Sudan Calling | 8 maart 2019 | by Jelena Sporin0
For the first time in 30 years the people in Sudan are taking part in large-scale protests. In 1989, Omar al-Bashir seized power through a military coup and has since ruled with an iron grip. Sudan has become a police state with massive corruption. The economy has gotten so bad that people have had enough: young people, women, elderly, the poor and the rich throughout the country are protesting peacefully against the corrupt, racist and violent regime, with slogans such as "peaceful peaceful against the thieves". The regime's response has been anything but peaceful; dozens of people have been killed, hundreds have been arrested, some have been tortured, and police and security services have been using tear gas and ammunition to disperse protestors.
Every week we call with activists and friends in Sudan to hear how things are going and what has been happening.
Sudan Calling: Women Power
This week I speak to Sarah, an activist and a new acquaintance of PAX.
Friday, March 8
The protests in Sudan have been going on for almost three months now. Women sometimes make up 70% of the protesters. Despite the recently declared state of emergency, the persistent violence of the regime and widespread sexual intimidation, women continue to take to the streets fearlessly. It is unclear how many women have been arrested since the start of the protests on December 19, but a lot, to be sure, including some we haven’t heard about yet.
The Public Order and Safety legislation in Sudan follows strict Islamic doctrine, and every year tens of thousands of women are arrested, intimidated and beaten by the “Public Order” police for wearing “inappropriate” clothing. I hear through a friend about a Facebook group exclusively for women, called ‘Minbar-Shat’. The group initially wanted to discuss the limitations of the Public Order Act.
Since the protests began, however, the women in this Facebook group have set their sights on exposing National Intelligence and Security Service (NISS) agents. Anyone who does something to demonstrators in the streets of Khartoum and is captured on camera runs the risk of being exposed. In the vernacular, the women of Minbar-Shat are now called the ‘Security Service of the Revolution’. My Sudanese friend brings me in contact with one of the founders of this Facebook group, and I speak to her via WhatsApp.
“Salam ya Sarah, I`m so curious — tell me about Minbar-Shat.”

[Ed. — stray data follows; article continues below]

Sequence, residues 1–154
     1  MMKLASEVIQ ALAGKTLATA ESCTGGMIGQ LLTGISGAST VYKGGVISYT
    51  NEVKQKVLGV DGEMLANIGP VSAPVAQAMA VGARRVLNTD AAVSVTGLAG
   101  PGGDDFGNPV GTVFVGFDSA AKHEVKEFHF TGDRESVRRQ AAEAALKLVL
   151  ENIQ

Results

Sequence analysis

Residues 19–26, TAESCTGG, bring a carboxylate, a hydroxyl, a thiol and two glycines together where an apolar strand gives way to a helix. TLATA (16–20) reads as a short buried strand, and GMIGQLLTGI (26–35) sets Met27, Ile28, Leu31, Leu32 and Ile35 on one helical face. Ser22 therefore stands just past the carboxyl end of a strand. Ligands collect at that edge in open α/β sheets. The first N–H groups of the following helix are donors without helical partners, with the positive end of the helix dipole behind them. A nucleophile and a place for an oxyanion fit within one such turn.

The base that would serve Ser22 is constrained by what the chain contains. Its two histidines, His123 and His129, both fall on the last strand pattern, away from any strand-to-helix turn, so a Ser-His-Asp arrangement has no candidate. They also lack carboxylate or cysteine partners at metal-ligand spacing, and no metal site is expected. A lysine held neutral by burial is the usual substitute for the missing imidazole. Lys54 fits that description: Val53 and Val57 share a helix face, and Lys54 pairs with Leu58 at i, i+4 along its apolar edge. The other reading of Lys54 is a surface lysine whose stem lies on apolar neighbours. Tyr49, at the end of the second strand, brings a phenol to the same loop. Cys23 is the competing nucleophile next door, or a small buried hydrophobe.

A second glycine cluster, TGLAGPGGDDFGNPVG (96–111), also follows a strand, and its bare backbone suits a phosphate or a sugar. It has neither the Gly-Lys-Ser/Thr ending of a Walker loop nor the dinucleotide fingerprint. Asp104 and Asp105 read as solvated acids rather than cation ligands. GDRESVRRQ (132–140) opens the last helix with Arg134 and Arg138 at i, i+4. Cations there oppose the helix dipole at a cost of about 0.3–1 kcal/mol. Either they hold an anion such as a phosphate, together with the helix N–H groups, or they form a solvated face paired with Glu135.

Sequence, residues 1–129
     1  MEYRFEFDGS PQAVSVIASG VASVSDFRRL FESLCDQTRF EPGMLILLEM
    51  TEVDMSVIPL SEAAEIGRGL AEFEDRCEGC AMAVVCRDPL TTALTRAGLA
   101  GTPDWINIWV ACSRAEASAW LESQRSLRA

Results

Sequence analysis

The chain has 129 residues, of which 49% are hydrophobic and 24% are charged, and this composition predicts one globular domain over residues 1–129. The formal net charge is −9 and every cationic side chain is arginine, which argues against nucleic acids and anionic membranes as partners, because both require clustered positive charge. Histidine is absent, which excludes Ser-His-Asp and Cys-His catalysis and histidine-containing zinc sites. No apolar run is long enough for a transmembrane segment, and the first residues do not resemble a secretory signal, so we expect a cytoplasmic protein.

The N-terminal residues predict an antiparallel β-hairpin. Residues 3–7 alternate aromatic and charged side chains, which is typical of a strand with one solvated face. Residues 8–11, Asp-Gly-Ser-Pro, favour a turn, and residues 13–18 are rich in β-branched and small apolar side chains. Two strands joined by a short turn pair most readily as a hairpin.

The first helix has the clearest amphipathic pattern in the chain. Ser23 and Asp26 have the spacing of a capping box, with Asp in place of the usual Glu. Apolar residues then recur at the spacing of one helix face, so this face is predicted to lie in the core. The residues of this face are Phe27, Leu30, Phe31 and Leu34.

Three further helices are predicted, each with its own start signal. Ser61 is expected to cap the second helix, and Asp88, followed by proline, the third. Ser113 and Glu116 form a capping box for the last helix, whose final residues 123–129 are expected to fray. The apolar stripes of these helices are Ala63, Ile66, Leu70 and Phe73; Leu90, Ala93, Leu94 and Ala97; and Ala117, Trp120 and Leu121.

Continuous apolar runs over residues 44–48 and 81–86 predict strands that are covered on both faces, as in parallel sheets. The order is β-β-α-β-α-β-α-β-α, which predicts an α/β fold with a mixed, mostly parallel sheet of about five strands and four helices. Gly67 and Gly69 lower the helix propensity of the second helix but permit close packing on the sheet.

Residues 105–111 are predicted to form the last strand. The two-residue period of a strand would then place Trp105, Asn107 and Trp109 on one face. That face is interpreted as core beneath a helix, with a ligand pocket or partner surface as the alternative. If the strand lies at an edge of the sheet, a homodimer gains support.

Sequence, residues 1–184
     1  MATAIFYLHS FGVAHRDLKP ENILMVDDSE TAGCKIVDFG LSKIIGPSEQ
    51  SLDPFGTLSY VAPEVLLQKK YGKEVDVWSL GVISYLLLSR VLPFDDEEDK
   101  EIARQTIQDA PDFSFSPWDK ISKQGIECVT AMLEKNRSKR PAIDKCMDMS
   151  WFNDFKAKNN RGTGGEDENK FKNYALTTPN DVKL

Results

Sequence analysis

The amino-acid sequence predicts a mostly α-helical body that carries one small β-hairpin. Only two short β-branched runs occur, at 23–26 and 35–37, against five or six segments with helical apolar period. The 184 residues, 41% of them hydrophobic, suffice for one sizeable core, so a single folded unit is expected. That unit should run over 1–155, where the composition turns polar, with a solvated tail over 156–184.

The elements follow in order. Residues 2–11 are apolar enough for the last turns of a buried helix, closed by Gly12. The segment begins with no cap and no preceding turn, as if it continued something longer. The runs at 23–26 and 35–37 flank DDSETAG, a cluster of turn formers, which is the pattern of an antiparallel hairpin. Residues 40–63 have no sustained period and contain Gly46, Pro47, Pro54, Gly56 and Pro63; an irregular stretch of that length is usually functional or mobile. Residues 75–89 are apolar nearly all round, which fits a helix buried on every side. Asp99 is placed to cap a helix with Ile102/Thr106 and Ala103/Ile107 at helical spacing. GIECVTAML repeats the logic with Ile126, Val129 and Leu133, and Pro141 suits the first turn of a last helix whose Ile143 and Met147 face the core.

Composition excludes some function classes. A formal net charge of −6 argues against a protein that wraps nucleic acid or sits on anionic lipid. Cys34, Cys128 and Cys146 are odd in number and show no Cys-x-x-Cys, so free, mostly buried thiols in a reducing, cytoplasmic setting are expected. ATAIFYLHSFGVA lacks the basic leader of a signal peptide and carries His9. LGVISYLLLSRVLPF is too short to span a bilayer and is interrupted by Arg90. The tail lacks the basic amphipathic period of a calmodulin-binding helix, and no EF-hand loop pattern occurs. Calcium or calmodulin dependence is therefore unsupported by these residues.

“In 2015, a few friends and I set up this group, actually just for fun. We started with just a few people, and to our surprise we grew to about 10,000 within a week. I didn’t know what had happened to me. Now we’re up to 30,000!”
“We just had fun in the group — gave tips about make-up, shopping, men — you know like friends do with one another, but then lots of it. The Public Order Act makes it almost impossible for women in Sudan to meet each other publicly and freely, so I think that’s why the Facebook group became so popular so quickly.”
“I hear that your attention has gone elsewhere since the protests started?”
“Since December we’ve been active in exposing the members of the security service and police who use violence against demonstrators. All the photos and videos that we get hold of in which the men are recognizable get shared in the group. Collectively, we get as much information about them as possible. The group started out in the first place because it’s so hard to meet other women because of the Public Order law And in the group we were always talking about men anyways — so the step towards exposing those who use violence against demonstrators wasn’t very big.”
“An average post in the group contains a photo or video where an NISS agent or a policeman can be clearly seen, with tag such as ‘come on ladies, whose got the info on this dog.’ Before the protests, women would share photos of men they were going with who were potential marriage candidate and the women would ask for information – hahaha – the group always came through. There wasn’t much we couldn’t find out! Names of family members, addresses, friends, and sometimes even ex-girlfriends, or wives and children. It still works the same way now, and it gives us so much confidence and strength.”
“In December someone shared a photo of an NISS agent with one of the ladies from the group during a protest. She asked if we could help find out who he was. Within a few minutes the group knew almost everything about him – who his family was, where he lived, the colour of his front door. There were some ex-girlfriends of his in the group who knew it all. That’s when it sank in — what we were capable of and what impact we could have. From that moment on, women from the group began to receive more and more photos and videos of men (who, by the way, aren’t allowed in the group), with the same question: who is this NISS agent or policeman and where can we find him?”
“And that impact — what exactly are you talking about?”
“Many of the people working for the NISS hide it from their friends and family. Most of them have mothers, sisters, women and daughters living in the city who don’t know what awful things they do to other women (and men). The exposure brings shame on these agents, and in some cases it leads to social exclusion. That´s very bad in Sudan. Not only that – agents can no longer continue to do what they do anonymously. That’s what frightens them, you see that because nowadays they have takent to wearing masks to prevent us from identifying them. But there will come a time when they will be held accountable for their crimes, and we’re helping make sure of that.”
“Wow, I’m so impressed, thanks for sharing this with me. I still want to ask you a thousand things, can we call again? ”
“Of course, thank you! It is so encouraging for us that people are interested in our story, so please call me whenever you want.”
“Shukran ktir [many thanks] Sarah, take care of yourself and each other. And hold on! “